Rise Up

Compressing yourself in sympathy for the pain in the world does not help anyone. While ebullience might be socially inappropriate, a public show of sympathetic tension only saps your own energy. You are needed, to compassionately hold presence and act. This takes immense resources.

Yes, empathetic physical tension may be innate. We do feel others pain in our own body. We wince and flinch in response to onscreen punches. We cry when we hear about Michael Brown, Puerto Rico, Vegas, Napa and on. We practitioners feel our student’s sore knees and aching shoulders, but how much we continue to take on our own shoulders is a choice.

I’m feeling quite hopeless about the world but this does not mean that I am collapsing.

Thoughts about the Alexander technique. Thoughts about social and environmental justice. Thoughts about the meaning of compassion.

 

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Body Project Blog ~ Where thought is the active ingredient, by Elyse Shafarman

quick reflection on the concept of “holism”

The Fragile SpeciesHolism is a fundamental construct of the Alexander Technique, but the word is cheapened by new age nostrums and advertising. Who among us does not feel Whole, and maybe even Holy after a trip to Whole Foods to buy ourselves the most Earthy, *Truthy,* Healthy (not to mention Pricey) items? Whole is a term that has lost it’s integrity. Lewis Thomas writes, “The word “holistic” was invented in the 1920’s by General Jan Smuts [who ever he/she may be] to provide shorthand for the almost self-evident truth that any living organism, and perhaps any collection of organisms, is something more than the sum of its’ working parts.” He goes on to say, “The word is becoming trendy, a buzzword, almost lost to science. What is called holistic thought these days strikes me as more like the transition from a mind like a steel trap to a mind like steel wool.” And yet, given all that, the mind, the body, the complete self is inherently “whole” and deserves a scientific framing – it is possible to study systems. You might free your shoulder, or free your mind, but you are always looking at how that effects the network of being.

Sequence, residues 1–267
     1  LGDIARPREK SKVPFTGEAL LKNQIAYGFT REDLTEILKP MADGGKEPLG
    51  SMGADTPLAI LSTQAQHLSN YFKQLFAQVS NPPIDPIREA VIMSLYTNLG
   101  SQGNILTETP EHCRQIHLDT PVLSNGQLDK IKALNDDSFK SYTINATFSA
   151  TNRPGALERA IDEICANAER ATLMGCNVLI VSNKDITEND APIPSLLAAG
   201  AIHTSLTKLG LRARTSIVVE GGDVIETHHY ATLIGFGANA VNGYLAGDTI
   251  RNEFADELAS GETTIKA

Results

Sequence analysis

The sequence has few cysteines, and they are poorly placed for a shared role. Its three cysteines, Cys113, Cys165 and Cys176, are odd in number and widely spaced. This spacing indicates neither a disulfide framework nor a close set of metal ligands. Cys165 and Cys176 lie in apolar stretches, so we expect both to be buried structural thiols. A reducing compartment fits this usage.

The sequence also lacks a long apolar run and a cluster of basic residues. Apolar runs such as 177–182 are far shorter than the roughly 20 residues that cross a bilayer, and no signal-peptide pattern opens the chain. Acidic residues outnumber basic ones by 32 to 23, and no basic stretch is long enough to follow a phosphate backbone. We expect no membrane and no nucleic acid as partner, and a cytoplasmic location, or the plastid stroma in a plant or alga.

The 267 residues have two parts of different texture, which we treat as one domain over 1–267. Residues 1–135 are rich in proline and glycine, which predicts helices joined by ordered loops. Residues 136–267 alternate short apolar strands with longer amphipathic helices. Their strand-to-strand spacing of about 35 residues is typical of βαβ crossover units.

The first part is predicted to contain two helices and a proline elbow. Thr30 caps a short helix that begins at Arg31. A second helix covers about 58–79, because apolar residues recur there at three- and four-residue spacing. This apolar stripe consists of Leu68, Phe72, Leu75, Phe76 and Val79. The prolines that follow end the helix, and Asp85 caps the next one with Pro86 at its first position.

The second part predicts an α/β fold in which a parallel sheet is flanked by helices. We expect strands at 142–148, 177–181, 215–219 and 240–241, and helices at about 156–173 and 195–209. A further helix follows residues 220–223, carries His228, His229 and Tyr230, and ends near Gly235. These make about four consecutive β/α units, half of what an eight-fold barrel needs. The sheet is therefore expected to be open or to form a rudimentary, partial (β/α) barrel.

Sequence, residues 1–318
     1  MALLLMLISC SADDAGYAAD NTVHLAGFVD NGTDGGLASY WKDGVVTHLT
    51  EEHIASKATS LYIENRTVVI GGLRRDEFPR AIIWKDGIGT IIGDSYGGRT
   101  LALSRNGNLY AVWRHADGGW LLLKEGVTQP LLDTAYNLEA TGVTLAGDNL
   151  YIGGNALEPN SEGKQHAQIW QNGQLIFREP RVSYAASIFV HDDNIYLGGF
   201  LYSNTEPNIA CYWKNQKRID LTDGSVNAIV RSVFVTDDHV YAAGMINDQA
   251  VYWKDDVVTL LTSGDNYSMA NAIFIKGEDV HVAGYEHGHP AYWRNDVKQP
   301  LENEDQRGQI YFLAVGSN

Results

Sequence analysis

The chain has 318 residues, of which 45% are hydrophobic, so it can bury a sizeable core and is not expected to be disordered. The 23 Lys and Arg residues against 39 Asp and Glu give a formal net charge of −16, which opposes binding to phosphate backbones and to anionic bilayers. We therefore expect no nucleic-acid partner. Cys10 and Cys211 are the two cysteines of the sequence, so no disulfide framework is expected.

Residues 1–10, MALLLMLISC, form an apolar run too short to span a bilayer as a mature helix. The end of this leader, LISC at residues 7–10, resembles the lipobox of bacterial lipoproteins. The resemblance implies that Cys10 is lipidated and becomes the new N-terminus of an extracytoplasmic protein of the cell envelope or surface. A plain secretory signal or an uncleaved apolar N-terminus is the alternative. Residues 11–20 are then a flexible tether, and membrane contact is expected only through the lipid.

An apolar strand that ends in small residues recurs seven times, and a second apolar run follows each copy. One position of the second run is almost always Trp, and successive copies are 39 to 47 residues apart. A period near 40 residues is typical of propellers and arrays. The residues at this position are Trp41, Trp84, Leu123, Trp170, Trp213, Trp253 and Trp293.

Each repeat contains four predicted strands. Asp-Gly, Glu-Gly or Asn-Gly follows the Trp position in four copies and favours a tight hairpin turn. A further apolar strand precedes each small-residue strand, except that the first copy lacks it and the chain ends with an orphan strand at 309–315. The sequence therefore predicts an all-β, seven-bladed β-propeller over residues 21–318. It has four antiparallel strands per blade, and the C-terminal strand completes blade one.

–The Fragile Self, Lewis Thomas, pp 72-73.

Body Project Blog ~ Where thought is the active ingredient

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Let your mind expand

One of the things that distinguishes Alexander Technique from posture training is that we look at coordination as a function (or expression) of attention. If our awareness is narrowed we tend to constrict our breathing and our bodies. If our awareness is broad we tend to open up. Expanding our field of attention may not be a complete solution for postural ease, but it’s an easy first step.